Where were we?

We might not be able to save General College, but we can demand more influence in the future.

Sam Adegoke

As I sat in the Black Student Union office contemplating what seems to be the “calm after the storm” regarding the General College issue, I started wondering how the hell this even happened. Like for real Ö how did this happen? Where were we? By “we” I mean the University’s student body at large and by “where” I am referring to the magical place where all of these “strategic” decisions are made. Why were the opinions, concerns and suggestions of the student body not acquiesced before all of these changes? And why does it seem as if all of the decisions regarding us never really involve us?

I think it’s time we start asking questions and demanding answers.

In my last column, I received some backlash because of a comment I made stating that I personally felt there was nothing we could do to alter the decisions regarding the future of our campus, specifically with regard to General College. Well, regardless of whom I offended, I meant just what I stated, but I will explain further.

Issues as large as the reconfiguration of the entire infrastructure of a campus do not happen overnight. The University’s plan for the future has been in the works at least since I was a first-year student four years ago. With a decision of this magnitude, I highly doubt the campus leadership has not already considered the repercussions and opposition it might face in its attempts to execute its ideals. That would be like going to war and not planning on the enemy fighting back. It doesn’t make sense.

In that light, I will say I feel the rally last week for saving General College was inconsequential, dare I even say meaningless. By “inconsequential,” please understand I am connecting it to the impact it had on reversing the decision to remove General College. The rally was very meaningful with regard to campus morale, because any event that galvanizes people of diverse backgrounds into one setting for one cause can only have positive effects. But until we are ready to use “alternative means” to effect the changes we want, we will receive nothing more for our mediocre efforts than pats on the back and “high spirits” from public shows of picketing and yelling through loudspeakers.

Alternative means are revolutionary. In 1969, numerous black students frustrated with their isolation on campus and a general lack of respect for their needs, organized a sit-in and take-over of Morrill Hall that lasted two days. They had three non-negotiable demands centering on black scholarships and the establishment of an African American and African studies program at the University.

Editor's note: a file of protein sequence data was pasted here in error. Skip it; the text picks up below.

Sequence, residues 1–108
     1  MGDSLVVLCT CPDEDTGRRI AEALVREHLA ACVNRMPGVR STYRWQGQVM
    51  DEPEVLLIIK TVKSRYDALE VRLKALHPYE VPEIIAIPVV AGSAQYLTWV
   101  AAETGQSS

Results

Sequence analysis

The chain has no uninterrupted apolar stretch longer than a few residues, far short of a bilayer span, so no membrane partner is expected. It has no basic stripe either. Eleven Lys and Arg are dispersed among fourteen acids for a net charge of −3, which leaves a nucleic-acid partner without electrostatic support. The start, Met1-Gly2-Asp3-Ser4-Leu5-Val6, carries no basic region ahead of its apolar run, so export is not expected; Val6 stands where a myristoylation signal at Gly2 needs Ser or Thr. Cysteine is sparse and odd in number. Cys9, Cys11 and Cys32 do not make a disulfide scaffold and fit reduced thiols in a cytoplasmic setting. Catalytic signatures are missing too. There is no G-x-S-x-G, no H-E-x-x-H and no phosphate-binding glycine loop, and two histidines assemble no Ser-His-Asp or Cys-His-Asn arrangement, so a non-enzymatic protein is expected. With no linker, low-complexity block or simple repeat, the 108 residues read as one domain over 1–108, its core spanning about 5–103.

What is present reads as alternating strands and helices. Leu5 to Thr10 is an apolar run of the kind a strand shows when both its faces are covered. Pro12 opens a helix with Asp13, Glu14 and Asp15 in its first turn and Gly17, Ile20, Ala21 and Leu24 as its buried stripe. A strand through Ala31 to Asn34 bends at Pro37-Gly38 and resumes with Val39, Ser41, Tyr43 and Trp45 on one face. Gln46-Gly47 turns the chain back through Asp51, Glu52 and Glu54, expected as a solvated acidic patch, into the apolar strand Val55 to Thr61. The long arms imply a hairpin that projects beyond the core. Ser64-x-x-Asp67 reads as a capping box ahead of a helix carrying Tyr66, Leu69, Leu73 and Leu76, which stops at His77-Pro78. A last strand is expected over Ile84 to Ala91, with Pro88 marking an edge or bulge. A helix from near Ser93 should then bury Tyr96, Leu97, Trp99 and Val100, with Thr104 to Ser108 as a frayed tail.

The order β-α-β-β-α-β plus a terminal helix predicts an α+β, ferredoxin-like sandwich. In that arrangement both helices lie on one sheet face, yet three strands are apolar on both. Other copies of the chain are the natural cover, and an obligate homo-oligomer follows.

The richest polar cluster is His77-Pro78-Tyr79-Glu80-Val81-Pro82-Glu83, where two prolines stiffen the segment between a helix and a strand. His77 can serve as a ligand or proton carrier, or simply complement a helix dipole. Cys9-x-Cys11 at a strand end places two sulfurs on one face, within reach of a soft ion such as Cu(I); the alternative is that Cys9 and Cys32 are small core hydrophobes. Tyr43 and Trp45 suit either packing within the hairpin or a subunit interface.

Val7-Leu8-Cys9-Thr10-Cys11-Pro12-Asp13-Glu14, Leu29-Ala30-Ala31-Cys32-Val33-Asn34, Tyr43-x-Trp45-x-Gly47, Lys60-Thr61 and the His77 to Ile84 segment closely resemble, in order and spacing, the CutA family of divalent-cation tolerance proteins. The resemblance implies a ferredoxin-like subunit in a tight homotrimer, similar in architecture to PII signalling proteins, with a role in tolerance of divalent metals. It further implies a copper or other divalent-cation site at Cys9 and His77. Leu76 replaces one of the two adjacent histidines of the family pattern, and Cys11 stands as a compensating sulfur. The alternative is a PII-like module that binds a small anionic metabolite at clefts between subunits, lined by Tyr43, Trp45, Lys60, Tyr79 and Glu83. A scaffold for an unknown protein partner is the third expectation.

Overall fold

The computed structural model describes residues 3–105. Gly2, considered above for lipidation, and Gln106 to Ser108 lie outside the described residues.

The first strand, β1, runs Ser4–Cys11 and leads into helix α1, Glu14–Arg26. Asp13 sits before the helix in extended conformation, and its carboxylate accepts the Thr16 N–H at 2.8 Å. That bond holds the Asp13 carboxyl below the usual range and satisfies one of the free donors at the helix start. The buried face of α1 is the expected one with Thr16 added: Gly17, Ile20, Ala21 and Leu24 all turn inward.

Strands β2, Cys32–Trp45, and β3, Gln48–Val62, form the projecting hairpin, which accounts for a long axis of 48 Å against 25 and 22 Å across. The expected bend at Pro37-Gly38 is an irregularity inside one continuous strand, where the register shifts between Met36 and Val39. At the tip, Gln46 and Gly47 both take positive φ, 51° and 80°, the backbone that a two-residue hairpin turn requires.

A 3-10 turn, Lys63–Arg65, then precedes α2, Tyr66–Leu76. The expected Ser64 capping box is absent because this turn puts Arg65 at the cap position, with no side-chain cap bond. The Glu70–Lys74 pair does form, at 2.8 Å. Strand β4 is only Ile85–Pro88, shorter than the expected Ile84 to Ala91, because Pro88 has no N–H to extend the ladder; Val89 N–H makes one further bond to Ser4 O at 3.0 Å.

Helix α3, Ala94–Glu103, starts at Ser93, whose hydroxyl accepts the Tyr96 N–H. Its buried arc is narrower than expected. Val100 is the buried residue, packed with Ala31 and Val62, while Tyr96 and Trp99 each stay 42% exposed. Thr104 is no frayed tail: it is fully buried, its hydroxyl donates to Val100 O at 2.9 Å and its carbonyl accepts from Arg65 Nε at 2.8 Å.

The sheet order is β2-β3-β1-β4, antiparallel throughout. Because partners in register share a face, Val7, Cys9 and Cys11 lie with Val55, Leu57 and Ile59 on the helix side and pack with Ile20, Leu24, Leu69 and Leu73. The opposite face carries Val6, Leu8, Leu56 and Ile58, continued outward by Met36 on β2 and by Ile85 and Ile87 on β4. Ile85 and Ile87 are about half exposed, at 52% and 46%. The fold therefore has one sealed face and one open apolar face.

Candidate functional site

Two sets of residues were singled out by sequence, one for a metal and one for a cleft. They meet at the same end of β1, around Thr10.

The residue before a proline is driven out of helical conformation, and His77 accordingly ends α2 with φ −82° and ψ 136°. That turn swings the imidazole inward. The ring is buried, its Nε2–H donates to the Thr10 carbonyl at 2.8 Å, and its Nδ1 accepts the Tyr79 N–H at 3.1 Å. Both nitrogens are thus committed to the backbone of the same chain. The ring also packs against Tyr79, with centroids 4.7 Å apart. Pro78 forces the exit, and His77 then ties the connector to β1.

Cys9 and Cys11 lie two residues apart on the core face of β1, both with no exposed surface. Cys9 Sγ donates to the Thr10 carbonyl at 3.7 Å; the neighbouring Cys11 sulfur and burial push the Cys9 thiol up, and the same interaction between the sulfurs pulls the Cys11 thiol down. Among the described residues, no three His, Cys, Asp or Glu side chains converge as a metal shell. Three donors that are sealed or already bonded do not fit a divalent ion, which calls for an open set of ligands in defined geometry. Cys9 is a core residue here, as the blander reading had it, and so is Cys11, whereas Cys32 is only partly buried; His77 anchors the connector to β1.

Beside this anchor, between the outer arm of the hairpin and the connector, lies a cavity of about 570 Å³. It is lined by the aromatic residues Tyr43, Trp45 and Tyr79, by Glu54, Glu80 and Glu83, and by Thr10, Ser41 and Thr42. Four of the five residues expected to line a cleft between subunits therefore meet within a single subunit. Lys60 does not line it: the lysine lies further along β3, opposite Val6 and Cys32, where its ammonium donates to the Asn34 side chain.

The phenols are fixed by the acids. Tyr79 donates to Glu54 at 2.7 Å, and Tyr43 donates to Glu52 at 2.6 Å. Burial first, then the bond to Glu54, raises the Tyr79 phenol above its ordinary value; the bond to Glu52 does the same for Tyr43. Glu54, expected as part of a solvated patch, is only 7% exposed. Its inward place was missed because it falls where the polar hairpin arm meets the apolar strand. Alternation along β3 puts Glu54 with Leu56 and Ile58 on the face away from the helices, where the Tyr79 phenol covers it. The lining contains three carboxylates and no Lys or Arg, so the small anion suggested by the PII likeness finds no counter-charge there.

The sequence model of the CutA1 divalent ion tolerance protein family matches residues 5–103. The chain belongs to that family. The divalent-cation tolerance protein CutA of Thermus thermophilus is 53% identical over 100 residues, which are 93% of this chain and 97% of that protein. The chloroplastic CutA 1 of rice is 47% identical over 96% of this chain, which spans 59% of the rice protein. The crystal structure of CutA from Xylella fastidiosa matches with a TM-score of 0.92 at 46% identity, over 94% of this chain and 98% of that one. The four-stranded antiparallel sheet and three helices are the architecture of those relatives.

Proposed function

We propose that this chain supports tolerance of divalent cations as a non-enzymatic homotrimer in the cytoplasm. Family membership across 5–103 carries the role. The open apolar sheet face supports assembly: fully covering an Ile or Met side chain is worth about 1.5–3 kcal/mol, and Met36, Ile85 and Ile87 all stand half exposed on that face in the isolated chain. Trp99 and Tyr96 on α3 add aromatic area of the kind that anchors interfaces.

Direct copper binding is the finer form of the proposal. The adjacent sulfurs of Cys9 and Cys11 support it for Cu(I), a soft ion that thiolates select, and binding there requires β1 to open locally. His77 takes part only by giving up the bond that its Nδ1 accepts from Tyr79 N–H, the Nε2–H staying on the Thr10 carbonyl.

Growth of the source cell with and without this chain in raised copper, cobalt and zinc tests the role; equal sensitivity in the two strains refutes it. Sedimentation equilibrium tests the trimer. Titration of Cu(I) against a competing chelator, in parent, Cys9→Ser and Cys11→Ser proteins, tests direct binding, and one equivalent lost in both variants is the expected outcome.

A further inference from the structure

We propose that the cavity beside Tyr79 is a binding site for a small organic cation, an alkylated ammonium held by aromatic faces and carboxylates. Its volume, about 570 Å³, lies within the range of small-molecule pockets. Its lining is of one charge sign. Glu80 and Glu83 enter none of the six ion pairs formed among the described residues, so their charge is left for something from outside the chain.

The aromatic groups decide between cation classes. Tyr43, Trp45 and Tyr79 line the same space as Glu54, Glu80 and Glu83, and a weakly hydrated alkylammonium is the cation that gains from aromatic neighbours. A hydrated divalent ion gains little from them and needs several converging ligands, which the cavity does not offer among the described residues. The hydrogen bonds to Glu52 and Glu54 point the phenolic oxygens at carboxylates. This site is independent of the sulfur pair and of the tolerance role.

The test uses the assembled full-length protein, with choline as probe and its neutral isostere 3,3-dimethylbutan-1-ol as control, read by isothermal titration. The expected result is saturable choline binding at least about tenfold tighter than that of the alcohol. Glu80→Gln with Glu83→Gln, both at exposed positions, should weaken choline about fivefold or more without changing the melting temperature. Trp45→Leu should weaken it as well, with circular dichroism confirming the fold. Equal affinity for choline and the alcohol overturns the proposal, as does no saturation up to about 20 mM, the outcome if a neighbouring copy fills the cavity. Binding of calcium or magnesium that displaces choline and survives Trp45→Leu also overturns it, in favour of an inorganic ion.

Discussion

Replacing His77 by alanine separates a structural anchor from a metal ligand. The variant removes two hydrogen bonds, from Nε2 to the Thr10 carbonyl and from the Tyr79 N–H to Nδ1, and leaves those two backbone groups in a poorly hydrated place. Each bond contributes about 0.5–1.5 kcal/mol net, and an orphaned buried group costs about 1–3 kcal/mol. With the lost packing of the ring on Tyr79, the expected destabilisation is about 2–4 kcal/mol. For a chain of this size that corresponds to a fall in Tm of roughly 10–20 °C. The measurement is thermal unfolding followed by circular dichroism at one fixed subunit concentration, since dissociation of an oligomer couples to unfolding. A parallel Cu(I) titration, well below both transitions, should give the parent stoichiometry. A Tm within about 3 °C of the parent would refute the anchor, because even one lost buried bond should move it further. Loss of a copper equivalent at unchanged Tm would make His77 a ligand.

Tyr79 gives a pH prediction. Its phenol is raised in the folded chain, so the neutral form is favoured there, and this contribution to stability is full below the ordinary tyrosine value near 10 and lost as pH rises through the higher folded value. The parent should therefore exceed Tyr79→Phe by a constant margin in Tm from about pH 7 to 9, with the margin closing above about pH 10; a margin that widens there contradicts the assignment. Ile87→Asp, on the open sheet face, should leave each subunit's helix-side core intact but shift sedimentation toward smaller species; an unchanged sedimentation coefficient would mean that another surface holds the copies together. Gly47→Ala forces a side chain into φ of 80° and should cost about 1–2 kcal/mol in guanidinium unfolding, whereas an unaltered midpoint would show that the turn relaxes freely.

They got what they wanted. They demanded, set an ultimatum and took drastic measures to see their needs were met. So before you get upset and ask what audacity I have to call a campus rally meaningless, ask yourself this: Are you ready to do the same? Would you go the length for something you believed in to the extent of an occupation? Until we are ready to take as drastic a measure as the students of 1969 and do something such as a sit-in at General College, where we refuse to move until our demands are met, I strongly suggest we stop wasting our time with rallies that change nothing.

Call it counterintuitive that I am advocating for the improvement and continued establishment of General College while saying there is nothing we can do to keep it. I am a realist. What we can do now is ask the questions I asked before, “Why is it that all of the decisions regarding us fail to include us?” We need to look to the future for amendment. We need to start demanding the University include us as students in all major decision-making, including tuition rates, legislation, “strategic positioning” campus planning, future initiatives and student resources. Our rivals next door, the University of Wisconsin-Madison, have had a student-body elect who works closely with campus leadership, officials and the university president in all major decisions and campus alterations. Not only do the students have a close relationship, in fact, it is a law, instituted in the late 1970s, in Wisconsin, that campus leadership includes students in all major campus decisions, tuition changes and legislation.

We cannot change the decision, but we can prevent future situations such as this from happening. If we fail to demand a voice, we will never have one, and I have been told you cease to exist the moment you bite your tongue. Let’s make sure that the next time around, we have a say in the decisions made about our education.

Sam Adegoke welcomes comments at [email protected]